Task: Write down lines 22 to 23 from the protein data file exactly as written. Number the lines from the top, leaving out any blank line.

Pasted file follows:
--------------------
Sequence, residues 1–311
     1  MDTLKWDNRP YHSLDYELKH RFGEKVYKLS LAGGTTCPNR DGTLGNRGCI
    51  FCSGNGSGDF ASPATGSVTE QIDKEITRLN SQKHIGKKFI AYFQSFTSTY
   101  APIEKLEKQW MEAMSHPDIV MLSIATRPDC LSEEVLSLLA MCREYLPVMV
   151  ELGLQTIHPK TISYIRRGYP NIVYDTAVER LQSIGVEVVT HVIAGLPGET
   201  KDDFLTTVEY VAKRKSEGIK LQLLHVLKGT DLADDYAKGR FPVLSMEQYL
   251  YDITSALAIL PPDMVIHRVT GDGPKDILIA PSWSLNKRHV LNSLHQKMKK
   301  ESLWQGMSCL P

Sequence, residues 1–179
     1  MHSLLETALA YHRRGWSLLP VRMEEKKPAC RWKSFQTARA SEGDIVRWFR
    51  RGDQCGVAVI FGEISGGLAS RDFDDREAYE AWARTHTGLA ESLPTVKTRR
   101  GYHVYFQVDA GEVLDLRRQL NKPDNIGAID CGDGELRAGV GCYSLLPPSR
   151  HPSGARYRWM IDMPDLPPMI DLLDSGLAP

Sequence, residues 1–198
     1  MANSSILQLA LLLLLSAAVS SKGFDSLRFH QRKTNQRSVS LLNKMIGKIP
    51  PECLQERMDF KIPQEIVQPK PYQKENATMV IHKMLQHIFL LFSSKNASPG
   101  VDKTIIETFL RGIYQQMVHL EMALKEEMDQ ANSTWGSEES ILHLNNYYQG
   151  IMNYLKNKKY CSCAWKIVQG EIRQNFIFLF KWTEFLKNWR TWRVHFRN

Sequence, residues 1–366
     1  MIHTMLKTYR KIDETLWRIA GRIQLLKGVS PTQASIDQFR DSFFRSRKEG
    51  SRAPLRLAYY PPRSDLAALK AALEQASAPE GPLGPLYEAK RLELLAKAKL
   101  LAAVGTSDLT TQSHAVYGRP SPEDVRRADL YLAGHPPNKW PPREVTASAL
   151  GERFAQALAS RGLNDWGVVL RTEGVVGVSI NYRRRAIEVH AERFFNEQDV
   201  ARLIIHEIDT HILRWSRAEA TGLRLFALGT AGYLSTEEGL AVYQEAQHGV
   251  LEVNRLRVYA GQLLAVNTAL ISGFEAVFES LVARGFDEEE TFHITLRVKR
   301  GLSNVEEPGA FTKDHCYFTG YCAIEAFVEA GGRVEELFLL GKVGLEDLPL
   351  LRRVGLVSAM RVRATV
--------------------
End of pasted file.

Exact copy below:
   101  LAAVGTSDLT TQSHAVYGRP SPEDVRRADL YLAGHPPNKW PPREVTASAL
   151  GERFAQALAS RGLNDWGVVL RTEGVVGVSI NYRRRAIEVH AERFFNEQDV